A large range of denoising and segmentation methods cover various fields of mathematics and engineering. However, conventional methods do not work very well on complex material images since they can involve different types of noise and unclear edges. If a conventional segmentation method is used to detect the edges of pores on the X-ray image of a steel sample, annular pattern artificial noise can be produced due to the artifacts which inevitably appear in the original image during the X-ray process. This could result in inaccurate measurements of pore statistics. Partial differential equation (PDE) based denoising methods can effectively remove noise but there are still some remaining artifacts which cannot be removed using conventional denoising methods.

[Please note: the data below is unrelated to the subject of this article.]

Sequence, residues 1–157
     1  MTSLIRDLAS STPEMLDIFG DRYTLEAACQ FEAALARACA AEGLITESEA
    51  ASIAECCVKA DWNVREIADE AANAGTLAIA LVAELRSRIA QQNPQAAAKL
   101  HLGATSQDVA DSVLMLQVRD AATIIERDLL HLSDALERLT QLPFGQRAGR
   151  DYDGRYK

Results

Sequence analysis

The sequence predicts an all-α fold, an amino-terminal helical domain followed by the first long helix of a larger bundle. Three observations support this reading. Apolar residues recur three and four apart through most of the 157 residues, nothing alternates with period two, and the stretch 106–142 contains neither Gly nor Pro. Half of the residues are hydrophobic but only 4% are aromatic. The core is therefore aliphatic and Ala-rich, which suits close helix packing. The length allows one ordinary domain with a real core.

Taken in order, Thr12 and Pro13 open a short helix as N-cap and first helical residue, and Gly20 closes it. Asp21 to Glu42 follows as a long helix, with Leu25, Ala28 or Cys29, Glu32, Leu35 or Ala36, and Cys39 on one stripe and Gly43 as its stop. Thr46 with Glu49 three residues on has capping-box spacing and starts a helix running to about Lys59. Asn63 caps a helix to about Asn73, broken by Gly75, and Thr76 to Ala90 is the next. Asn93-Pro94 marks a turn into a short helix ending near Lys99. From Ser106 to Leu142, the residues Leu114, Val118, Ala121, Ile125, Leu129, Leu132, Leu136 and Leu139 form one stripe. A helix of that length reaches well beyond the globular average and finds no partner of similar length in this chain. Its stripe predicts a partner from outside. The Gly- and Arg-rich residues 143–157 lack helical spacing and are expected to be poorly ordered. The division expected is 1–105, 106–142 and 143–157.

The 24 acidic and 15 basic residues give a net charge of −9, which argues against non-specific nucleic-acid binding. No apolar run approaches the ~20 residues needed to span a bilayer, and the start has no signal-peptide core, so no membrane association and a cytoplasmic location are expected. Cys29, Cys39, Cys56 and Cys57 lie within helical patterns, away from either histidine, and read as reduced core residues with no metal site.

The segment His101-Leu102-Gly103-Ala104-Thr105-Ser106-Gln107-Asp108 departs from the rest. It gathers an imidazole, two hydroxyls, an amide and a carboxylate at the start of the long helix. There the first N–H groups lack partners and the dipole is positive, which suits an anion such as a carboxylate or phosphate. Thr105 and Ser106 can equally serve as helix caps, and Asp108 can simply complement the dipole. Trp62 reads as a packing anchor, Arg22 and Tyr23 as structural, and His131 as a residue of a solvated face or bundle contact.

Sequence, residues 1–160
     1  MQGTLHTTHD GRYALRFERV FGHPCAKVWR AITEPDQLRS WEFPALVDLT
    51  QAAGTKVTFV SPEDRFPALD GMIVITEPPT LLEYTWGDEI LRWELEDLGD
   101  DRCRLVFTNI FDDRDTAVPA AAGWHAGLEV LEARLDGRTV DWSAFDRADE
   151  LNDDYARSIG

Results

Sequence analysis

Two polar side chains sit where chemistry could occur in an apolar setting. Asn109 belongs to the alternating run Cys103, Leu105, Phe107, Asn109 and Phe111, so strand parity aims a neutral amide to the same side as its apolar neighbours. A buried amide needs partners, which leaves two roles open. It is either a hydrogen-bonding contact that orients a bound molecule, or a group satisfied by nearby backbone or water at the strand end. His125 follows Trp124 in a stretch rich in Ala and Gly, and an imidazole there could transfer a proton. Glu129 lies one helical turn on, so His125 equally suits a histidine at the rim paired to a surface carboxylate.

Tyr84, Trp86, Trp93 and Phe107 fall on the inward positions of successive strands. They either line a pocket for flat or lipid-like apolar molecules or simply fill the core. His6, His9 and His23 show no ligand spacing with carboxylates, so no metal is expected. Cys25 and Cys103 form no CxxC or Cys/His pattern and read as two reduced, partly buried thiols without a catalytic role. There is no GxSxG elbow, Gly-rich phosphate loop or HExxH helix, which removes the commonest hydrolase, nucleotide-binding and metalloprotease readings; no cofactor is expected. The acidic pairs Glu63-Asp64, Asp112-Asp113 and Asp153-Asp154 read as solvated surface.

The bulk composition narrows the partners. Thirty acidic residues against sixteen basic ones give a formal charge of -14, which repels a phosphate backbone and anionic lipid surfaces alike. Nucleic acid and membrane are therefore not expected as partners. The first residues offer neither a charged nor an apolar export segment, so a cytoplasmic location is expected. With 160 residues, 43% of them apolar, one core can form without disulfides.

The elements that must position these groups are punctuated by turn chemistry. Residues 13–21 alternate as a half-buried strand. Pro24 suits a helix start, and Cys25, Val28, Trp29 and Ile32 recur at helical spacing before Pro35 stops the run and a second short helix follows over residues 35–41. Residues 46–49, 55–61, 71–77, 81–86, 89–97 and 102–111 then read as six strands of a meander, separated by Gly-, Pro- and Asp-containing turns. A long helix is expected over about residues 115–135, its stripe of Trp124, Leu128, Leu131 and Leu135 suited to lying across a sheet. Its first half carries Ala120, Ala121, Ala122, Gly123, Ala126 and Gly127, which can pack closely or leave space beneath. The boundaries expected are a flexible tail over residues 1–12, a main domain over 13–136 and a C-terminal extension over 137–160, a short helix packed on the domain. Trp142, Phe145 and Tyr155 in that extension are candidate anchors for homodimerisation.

For the REU projects, we will develop new models and their associated algorithms for denoising and segmentation on material images. One non-conventional denoising/segmentation method that we can consider for material images is by treating the noise as being multiplicative. The programming language for our research project is MATLAB. During the first few weeks of the program, the REU fellows will learn basic tools on MATLAB and test simple codes to get familiar with MATLAB programming. The participants will also learn about the conventional denoising/segmentation methods during these weeks. Once the students get familiar with the use of MATLAB with developing simple codes, they will start writing their own codes for conventional methods and test the numerical examples using materials images. Students will be intensively discussing the development of the new methods/algorithms to overcome the drawbacks on traditional methods for materials images. The newly developed methods will be numerically tested and compared to the conventional methods.